The Law offices of Arnold & Smith - John Price Carr House
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FAQ for Gray Divorce

While younger couples are more likely to divorce, but gray divorces among older married couples are on the rise. Couples who divorce after the age of 50 face unique financial and emotional challenges. Those going through a gray divorce in Charlotte will need to address everything from Social Security benefits for ex-spouses and estate planning, in addition to the normal issues present in divorce. The more debts and assets that a couple accumulates after a long marriage, the more complex and difficult the legal breakup.

Contact Our Charlotte Gray Divorce

If you are facing a gray divorce in Charlotte, our experienced divorce lawyers can help. The sooner you seek legal help, the better. Contact our law firm as soon as possible to schedule your initial consultation and learn how we can help you advocate for your interests throughout the gray divorce process. We have also included a list of frequently asked questions that those going through a gray divorce may find beneficial.

How Should I Prepare for a Gray Divorce?

You and your spouse have worked hard to save a nest egg for retirement. After your gray divorce, a North Carolina judge will divide up your assets through the process of equitable distribution. You should gather a list of all your assets and debts, Asses can include bank accounts, investment accounts, retirement accounts, real property, vehicles and jewelry. Debts can include mortgages, car loans, and credit card debt. An important step to going through a gray divorce is to evaluate your financial situation. Write down a list of all of your monthly living expenses. Which expenses are necessary, and which are discretionary? You will need to know how much income you will need to survive. Consider whether you will need to pay alimony or you will receive alimony. Consider whether you will have any income stream coming in and how much you will have to live on from your retirement.

Do not feel like you need to tackle this task in one day or less. We advise our clients to take some time to go through all of their financial records and resources to create an accurate picture. We have a network of experts and can point our clients to a financial professional who can help them evaluate the situation, if necessary. Going over your financial records will give you peace of mind and help you develop a strategy for how to live after your gray divorce becomes finalized.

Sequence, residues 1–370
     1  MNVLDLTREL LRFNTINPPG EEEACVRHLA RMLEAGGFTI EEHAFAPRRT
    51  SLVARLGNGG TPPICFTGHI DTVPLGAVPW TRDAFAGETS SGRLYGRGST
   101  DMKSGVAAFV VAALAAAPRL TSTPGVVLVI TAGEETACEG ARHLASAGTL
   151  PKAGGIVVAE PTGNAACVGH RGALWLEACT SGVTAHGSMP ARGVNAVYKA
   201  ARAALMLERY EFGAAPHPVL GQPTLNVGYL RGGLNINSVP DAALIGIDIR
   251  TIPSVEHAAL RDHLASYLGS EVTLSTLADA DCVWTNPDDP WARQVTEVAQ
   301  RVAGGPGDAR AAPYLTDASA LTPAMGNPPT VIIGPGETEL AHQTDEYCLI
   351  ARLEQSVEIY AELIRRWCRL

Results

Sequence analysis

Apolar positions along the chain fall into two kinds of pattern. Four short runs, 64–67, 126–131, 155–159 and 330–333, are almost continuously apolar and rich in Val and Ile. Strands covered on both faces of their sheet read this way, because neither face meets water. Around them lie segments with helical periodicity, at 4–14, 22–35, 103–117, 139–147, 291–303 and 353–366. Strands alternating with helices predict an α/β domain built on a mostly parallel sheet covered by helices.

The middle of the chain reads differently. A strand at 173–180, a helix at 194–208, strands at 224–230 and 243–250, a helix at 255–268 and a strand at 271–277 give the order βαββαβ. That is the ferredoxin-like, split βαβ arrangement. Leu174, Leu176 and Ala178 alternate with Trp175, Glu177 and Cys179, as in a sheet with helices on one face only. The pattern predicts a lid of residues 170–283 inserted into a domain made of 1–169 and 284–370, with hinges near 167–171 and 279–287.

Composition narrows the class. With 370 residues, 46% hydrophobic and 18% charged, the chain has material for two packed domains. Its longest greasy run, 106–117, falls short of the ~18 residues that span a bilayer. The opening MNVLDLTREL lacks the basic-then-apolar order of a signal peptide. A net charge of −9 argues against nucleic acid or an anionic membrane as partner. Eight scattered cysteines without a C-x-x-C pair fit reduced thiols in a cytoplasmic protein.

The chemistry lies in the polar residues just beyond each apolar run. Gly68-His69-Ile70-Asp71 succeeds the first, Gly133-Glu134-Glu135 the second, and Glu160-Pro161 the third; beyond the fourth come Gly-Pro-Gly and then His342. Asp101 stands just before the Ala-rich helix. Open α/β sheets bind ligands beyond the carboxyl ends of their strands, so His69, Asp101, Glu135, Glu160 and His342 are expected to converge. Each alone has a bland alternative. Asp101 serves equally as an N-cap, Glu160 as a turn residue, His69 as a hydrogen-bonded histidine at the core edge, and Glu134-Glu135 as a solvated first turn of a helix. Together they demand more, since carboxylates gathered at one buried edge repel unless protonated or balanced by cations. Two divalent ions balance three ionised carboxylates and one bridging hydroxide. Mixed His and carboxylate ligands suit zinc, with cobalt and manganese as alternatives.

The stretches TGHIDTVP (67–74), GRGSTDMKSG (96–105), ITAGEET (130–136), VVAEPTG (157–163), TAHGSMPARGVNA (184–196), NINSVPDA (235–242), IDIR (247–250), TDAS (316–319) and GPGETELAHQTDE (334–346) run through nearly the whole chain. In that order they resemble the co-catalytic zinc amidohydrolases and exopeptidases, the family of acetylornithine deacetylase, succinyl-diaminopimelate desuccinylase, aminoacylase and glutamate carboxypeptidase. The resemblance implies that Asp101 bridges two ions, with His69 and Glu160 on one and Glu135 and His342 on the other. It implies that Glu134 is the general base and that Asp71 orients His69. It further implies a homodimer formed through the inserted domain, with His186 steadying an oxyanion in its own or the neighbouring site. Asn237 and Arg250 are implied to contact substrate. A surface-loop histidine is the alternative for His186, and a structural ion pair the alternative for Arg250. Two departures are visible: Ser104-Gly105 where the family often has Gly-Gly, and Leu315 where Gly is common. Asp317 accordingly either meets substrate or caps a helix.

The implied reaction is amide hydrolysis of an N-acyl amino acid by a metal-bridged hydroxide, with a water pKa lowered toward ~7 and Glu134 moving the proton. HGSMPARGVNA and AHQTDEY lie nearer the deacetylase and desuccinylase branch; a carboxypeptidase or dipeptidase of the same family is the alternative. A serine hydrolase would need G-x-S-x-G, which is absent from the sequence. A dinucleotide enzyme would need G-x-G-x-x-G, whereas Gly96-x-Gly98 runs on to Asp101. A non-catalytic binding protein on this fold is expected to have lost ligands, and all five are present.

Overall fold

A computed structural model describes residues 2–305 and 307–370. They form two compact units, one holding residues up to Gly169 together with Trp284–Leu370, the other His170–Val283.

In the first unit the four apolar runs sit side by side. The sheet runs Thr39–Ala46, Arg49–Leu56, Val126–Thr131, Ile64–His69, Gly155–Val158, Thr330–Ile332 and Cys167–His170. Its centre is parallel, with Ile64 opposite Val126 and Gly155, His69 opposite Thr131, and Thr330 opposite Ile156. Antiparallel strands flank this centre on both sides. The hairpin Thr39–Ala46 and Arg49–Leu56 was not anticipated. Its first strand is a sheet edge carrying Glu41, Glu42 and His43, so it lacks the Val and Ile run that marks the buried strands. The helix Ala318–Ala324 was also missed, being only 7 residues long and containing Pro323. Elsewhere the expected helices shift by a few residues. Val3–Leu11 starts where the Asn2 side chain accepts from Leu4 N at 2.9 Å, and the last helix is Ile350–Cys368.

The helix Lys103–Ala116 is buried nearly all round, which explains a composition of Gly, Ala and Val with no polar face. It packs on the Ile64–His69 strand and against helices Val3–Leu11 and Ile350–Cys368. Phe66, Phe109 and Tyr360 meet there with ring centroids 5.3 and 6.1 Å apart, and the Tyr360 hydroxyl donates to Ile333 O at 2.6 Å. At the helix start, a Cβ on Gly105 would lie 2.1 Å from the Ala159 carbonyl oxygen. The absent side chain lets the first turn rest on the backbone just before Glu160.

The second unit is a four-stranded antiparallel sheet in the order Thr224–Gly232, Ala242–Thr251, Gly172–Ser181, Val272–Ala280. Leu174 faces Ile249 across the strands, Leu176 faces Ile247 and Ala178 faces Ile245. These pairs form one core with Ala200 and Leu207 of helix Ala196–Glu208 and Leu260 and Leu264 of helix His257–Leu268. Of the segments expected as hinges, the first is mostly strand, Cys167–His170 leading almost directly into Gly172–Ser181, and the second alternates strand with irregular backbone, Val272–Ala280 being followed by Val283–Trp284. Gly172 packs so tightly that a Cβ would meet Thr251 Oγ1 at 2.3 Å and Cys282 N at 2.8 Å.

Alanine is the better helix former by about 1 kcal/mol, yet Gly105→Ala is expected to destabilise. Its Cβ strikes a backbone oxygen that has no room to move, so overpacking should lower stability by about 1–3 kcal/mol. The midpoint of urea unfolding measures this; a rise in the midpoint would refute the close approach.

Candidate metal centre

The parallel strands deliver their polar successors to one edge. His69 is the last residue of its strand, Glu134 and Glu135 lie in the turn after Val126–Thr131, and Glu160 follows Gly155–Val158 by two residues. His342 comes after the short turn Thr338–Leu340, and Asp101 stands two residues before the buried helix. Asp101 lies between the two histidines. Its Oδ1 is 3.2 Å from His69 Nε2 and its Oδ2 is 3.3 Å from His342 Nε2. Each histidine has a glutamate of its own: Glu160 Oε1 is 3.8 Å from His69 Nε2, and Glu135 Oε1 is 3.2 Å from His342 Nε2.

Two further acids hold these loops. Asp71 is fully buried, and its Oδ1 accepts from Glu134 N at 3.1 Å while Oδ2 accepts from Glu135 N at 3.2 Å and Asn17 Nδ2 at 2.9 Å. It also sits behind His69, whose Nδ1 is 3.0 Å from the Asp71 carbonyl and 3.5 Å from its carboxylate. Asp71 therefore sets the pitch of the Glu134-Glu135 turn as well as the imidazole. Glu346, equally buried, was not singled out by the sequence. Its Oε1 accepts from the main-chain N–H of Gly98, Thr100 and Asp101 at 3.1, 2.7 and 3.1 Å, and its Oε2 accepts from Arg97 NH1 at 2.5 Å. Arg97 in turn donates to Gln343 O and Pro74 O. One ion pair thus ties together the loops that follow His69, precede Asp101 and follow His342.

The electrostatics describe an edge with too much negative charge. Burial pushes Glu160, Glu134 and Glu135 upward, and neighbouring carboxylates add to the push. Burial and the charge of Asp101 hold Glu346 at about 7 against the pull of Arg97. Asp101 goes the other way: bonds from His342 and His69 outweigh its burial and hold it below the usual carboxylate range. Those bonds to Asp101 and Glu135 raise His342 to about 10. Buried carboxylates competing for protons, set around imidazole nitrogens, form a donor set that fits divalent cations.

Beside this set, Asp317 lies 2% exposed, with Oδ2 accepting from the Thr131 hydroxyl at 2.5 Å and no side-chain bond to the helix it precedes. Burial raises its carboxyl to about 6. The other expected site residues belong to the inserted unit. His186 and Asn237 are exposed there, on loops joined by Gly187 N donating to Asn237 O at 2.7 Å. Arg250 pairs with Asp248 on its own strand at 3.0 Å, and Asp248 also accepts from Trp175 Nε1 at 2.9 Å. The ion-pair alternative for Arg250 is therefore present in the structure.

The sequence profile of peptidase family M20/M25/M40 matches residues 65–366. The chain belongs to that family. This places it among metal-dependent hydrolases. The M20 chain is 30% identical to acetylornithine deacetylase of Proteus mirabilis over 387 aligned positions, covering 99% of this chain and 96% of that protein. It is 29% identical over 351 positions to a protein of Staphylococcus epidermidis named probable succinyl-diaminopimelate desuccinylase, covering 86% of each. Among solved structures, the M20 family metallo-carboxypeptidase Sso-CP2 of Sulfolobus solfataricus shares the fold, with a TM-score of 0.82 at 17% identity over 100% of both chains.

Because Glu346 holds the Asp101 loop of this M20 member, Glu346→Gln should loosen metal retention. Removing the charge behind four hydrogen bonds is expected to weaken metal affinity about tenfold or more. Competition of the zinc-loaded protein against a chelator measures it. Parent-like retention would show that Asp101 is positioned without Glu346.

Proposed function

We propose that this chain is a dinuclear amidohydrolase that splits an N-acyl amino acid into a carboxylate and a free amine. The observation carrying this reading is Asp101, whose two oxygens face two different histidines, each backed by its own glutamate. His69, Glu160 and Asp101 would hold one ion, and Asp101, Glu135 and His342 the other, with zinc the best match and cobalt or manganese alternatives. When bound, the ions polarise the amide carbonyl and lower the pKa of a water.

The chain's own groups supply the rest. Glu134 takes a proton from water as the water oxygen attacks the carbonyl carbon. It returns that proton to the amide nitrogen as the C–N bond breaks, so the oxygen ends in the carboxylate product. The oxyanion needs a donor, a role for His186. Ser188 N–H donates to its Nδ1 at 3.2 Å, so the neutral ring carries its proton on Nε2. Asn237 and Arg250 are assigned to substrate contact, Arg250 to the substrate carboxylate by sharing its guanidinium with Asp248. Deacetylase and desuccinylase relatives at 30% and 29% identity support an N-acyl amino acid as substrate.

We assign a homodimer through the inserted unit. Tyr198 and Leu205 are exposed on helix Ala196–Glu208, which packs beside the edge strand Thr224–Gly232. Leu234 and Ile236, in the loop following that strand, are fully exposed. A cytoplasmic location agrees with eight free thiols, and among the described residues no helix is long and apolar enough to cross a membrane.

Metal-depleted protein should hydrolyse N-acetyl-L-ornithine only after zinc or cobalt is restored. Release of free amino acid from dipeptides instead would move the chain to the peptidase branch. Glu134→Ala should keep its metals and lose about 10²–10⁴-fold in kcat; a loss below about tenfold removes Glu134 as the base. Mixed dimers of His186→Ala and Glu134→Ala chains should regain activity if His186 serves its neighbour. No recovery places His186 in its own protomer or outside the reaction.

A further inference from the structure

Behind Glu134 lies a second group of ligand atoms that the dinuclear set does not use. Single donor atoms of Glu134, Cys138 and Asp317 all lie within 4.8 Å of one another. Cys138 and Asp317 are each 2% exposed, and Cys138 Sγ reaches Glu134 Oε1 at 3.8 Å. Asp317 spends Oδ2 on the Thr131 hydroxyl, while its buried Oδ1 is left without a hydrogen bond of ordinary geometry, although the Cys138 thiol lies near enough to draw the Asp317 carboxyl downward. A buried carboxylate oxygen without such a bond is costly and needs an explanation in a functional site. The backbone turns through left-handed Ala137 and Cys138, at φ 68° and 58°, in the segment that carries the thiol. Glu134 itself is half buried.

How do I Survive Financially After My Gray Divorce?

Surviving financially is perhaps the largest concern that our clients have when considering a gray divorce. The financial stakes are high for those who are age 50 and older. They will not have much time to work to build their retirement savings back up. Many of our clients are worried about how they will retire after a judge divides up their assets between the spouses. Here are a few suggestions to help you survive financially after your gray divorce:

  • Meet with a financial planner during your divorce
  • Explore your health insurance coverage options as health insurance is one of the biggest concerns and most expensive budget items for Americans from age 50 to 65.
  • Take time to mentally consider how your lifestyle will change after your gray divorce. Some people will need to return to the workplace after their divorce in order to make enough money to survive.
Do Not Agree to Anything without Consulting Your Attorney

The divorce process can be extremely draining. It can be tempting to agree to something you do not really want just to be done with the divorce. It is always beneficial to speak with your attorney before signing any document or agreeing to anything during your gray divorce.

How do I Keep the Cost of Divorce Down?

The national cost of a contested divorce is approximately $15,000 per person. However, each case is different, and it is difficult to predict how much a divorce will cost. When both parties agree to the divorce, the divorce is called an uncontested divorce. Uncontested divorces cost a minimum of $1,000 on average. Losing $15,000 to pay for gray divorce can put a large dent in your retirement savings. It is possible to try to save money during your divorce. When possible, try to negotiate with your spouse on as many issues as possible. The more issues to which you can both agree, the less money you will need to spend.

You and your spouse may benefit from working with a mediator to resolve your differences. It is also important to hire an attorney who will work efficiently on your behalf. At Arnold & Smith, PLLC, we offer our clients quality legal representation. Contact our Law firm today to schedule your initial consultation.